Papua New Guinea Agriculture

Chapter | Agriculture & Fisheries from The Report: Papua New Guinea 2019

Prime Minister James Marape is intent on putting agriculture, forestry and fisheries at the forefront of the government’s development agenda, with an eye to boost downstream processing of farmed resources. As attempts to galvanise the sector spur the development of Papua New Guinea’s key crops and catches, reforms are under way to ensure the country maximises the potential of its rich soil and...

Efforts to improve public governance are gradually bolstering confidence in Papua New Guinea’s economy, despite national performance being heavily dependent on the extractive industries. Backed by macroeconomic development plans, Prime Minister James Marape’s administration is seeking to improve debt management, reduce foreign exchange imbalances, widen access to social services and provide greater employment opportunities.

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Papua New Guinea confirmed its first case of Covid-19 on March 20, involving a foreign mine worker in Morobe Province. This prompted the government to declare a two-week state of emergency commencing March 24, which has since been extended by two months.

Papua New Guinea’s efforts to strengthen agriculture’s position as a major economic driver have been given a boost following the much-anticipated launch of a series of new projects.

In what ways can Papua New Guinea move closer to food security and self-sufficiency?

Prime Minister James Marape is intent on putting agriculture, forestry and fisheries at the forefront of the government’s development agenda, with an eye to boost downstream processing of farmed resources. As attempts to galvanise the sector spur the development of Papua New Guinea’s key crops and catches, reforms are under way to ensure the country maximises the potential of...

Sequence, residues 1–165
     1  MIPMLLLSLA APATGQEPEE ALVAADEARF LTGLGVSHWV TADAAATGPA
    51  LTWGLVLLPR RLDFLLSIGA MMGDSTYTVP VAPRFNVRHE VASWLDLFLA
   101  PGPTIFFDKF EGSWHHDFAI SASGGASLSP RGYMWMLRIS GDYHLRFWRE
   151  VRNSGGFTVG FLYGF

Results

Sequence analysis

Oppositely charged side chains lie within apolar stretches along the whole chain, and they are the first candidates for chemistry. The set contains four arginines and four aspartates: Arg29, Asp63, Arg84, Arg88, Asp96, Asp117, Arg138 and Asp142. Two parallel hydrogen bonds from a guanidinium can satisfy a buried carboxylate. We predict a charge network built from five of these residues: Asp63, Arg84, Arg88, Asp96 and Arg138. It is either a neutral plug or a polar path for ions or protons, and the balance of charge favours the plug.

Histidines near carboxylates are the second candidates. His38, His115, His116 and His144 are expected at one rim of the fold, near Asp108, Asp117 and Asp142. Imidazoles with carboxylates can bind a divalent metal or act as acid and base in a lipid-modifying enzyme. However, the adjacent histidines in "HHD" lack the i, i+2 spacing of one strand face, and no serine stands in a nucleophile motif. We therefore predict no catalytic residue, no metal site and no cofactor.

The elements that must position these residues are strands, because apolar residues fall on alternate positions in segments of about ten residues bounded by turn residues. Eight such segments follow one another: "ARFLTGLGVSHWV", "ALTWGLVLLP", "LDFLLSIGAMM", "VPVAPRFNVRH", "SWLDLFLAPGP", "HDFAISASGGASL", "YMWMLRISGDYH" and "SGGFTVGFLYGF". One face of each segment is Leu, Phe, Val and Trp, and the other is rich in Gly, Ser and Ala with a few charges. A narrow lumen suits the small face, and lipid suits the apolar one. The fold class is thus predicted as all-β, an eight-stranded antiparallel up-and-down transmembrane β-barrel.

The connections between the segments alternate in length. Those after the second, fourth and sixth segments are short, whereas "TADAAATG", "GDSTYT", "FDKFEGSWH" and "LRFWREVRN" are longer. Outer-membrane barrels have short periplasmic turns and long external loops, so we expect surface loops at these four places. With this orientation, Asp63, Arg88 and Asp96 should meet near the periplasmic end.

Papua New Guinea’s efforts to establish special economic zones (SEZs) began in 2000 with the passing of the Free Trade Zones Act. However, PNG has yet to develop its first SEZ due to conflicts between the central and provincial governments, resulting in policy inconsistency and land disputes. For example, in February 2018 Allan Bird, governor of East Sepik Province, issued a...

Global food demand is expected to increase by anywhere between 59% to 98% by 2050. However, global freshwater resources are already overstretched due to climate change and soaring population growth, and it is unclear how agricultural production will keep up with these challenges. In recent years climate-induced water shortages in urban areas have brought water scarcity to the...

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